Hubble completes majestic galaxy portrait
June 17, 1999
By Robin Lloyd
(CNN) -- NASA this week released a portrait of a majestic spiral galaxy begun by the Hubble Space Telescope four years ago but left incomplete until earlier this year.
Astronomers with the Baltimore-based Space Telescope Science Institute, which analyzes data from the Hubble, revisited the galaxy, called NGC 4414, and completed the image by looking at its other half with the same filters used to "paint" its first half in 1995.
"Originally, the Wide Field Planetary Camera would give you an image which has a cutout in it," said Hubble spokeswoman Cheryl Gundy. "So you have to go back and use the telescope and position it so the camera is in a different orientation so we can get additional data to complete the image."
The new Hubble picture shows that central regions of the galaxy contain primarily older, yellow and red stars, as is typical of most spiral galaxies, Gundy said.
The outer spiral arms show considerably more blue because of the ongoing formation of young, blue stars, the brightest of which can be seen individually at the high resolution provided by the Hubble camera.
The arms also are very rich in clouds of interstellar dust, seen as dark patches and streaks silhouetted against the starlight.
The Hubble Space Telescope originally collected data on NGC 4414 as part of the HST Key Project on the Extragalactic Distance Scale. An international team of astronomers, led by Wendy Freedman of the Observatories of the Carnegie Institution of Washington, observed the galaxy on 13 different occasions over the course of two months.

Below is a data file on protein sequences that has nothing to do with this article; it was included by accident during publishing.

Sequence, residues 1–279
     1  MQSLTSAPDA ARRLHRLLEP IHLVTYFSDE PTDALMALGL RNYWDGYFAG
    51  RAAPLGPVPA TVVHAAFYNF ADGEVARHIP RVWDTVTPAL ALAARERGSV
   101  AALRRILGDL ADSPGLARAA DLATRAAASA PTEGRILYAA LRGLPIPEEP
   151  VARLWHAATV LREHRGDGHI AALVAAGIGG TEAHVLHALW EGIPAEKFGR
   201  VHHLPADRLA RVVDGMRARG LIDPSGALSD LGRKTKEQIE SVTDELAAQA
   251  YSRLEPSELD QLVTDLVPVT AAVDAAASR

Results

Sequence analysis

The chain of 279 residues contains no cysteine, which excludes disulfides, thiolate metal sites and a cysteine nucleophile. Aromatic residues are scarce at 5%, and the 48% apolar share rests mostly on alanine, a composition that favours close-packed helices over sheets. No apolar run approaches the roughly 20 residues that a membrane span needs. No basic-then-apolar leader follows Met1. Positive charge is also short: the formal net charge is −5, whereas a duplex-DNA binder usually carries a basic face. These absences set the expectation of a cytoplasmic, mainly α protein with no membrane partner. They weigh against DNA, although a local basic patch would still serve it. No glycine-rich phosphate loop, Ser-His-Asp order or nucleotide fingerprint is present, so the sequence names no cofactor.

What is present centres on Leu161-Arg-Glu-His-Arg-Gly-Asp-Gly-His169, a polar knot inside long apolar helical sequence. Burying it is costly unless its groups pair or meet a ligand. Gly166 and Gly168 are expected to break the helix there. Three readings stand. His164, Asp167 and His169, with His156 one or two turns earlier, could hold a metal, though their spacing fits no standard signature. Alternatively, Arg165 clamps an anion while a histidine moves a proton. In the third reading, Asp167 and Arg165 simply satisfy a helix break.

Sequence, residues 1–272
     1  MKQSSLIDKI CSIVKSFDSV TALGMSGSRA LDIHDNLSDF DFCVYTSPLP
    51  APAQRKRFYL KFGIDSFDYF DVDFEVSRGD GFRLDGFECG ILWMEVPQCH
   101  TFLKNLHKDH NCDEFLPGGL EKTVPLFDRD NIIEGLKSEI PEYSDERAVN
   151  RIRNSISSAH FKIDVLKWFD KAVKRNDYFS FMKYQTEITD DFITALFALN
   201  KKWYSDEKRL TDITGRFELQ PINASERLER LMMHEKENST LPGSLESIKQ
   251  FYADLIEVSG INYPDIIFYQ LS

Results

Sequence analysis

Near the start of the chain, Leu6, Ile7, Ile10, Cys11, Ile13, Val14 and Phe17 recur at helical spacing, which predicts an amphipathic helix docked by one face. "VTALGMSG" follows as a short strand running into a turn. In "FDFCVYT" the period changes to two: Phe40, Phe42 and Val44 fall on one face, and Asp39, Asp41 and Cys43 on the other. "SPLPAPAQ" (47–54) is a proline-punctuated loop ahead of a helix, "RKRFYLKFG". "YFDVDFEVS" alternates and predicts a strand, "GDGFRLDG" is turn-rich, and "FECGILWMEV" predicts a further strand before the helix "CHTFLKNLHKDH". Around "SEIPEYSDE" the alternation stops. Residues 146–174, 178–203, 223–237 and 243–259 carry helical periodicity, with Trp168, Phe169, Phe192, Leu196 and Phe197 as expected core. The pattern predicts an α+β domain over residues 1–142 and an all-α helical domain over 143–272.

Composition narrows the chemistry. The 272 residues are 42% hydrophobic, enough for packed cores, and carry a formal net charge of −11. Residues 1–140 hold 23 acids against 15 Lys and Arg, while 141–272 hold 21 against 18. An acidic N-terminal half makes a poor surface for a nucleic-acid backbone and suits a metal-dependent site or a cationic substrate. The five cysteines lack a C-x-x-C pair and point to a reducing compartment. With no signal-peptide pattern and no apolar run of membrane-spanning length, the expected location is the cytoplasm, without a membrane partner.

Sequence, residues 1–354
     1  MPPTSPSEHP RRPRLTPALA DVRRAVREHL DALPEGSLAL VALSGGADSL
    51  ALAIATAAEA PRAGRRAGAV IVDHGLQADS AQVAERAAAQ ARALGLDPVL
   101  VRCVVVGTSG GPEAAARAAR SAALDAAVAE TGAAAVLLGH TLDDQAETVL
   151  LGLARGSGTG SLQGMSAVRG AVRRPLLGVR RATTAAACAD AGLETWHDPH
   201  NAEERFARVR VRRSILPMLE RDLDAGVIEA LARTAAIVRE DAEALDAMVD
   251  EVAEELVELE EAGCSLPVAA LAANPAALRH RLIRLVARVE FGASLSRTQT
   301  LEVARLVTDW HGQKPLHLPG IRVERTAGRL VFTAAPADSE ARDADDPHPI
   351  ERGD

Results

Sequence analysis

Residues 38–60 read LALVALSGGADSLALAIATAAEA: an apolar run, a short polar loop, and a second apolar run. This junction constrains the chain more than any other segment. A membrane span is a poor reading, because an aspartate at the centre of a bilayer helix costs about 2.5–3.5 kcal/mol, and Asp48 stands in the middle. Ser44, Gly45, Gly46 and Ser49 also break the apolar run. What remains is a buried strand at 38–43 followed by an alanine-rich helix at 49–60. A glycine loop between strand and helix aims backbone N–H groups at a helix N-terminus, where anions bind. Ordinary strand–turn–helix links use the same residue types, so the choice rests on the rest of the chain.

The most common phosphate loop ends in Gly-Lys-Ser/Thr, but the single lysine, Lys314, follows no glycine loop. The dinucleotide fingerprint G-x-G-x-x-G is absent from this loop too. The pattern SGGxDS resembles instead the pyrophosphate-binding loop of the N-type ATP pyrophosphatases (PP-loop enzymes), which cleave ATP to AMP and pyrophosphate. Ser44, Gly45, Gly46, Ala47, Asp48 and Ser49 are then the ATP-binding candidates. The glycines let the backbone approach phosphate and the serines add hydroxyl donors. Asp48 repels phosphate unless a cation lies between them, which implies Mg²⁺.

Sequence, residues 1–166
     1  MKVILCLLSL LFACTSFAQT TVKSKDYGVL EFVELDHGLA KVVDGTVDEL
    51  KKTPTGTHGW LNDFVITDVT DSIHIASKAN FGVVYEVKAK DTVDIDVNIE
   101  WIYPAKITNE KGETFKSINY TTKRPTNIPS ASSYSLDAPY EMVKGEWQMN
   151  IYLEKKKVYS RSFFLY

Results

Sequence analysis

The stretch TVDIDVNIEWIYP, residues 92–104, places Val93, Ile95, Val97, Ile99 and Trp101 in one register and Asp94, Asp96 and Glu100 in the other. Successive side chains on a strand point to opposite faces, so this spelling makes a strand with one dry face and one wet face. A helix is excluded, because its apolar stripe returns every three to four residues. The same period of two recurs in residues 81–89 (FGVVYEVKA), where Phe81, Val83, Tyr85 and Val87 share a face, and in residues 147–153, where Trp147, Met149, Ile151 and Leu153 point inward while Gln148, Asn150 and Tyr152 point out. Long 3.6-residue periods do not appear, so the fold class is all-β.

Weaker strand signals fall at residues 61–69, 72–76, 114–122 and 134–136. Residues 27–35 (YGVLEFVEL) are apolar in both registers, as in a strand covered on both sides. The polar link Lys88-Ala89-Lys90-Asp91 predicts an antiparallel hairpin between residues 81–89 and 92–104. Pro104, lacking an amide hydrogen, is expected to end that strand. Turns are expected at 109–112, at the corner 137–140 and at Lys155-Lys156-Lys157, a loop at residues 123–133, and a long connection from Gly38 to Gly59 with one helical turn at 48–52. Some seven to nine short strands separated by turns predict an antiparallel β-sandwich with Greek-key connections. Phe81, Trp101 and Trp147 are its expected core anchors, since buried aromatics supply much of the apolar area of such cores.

Images were obtained with Hubble's Wide Field Planetary Camera through three different color filters. Based on their discovery and brightness measurements of variable stars in NGC 4414, the Key Project astronomers were able to make an accurate determination of the distance to the galaxy.
The resulting distance to NGC 4414, 19.1 megaparsecs, or about 60 million light-years, along with similarly determined distances to other nearby galaxies, contributes to astronomers' overall knowledge of the rate of expansion of the universe.
The Hubble constant is the ratio of how fast galaxies are moving away from us to their distance from us. This astronomical value is used to determine distances, sizes, and the intrinsic luminosities, or the brightness, for many objects in our universe, and the age of the universe itself.
Astronomers with the Hubble Heritage Team collected the data to complete the portrait of NGC 4414.
The Heritage Team works to pull information from the Hubble data archives which has not yet been made public, and expand it to make aesthetically pleasing images, Gundy said.
The goal is to create "almost a piece of art, if you will," Gundy said.
Hubble catches cosmic 'butterfly'
Hubble Heritage Project- NGC 4414
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